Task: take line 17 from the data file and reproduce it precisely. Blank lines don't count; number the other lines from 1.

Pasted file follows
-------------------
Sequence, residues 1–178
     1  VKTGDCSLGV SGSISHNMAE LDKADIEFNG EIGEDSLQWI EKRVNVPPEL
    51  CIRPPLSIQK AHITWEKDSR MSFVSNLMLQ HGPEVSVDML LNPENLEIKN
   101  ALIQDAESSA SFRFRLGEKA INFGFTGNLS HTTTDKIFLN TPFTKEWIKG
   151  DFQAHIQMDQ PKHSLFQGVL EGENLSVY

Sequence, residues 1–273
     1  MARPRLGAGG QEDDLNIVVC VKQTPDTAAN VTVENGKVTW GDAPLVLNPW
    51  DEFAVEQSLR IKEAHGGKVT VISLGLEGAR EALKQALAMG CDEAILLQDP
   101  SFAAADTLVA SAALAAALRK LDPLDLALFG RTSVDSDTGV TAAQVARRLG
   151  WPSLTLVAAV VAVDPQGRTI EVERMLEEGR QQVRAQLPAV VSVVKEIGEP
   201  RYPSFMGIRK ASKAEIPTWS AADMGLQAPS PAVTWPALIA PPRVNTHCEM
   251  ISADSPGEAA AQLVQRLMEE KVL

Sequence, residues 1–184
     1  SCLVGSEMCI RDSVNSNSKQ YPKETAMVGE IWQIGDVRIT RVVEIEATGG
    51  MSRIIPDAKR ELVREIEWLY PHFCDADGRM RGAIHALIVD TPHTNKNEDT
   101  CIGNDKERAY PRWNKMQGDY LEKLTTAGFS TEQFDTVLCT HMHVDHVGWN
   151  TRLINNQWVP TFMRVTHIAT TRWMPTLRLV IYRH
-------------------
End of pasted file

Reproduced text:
   151  TRLINNQWVP TFMRVTHIAT TRWMPTLRLV IYRH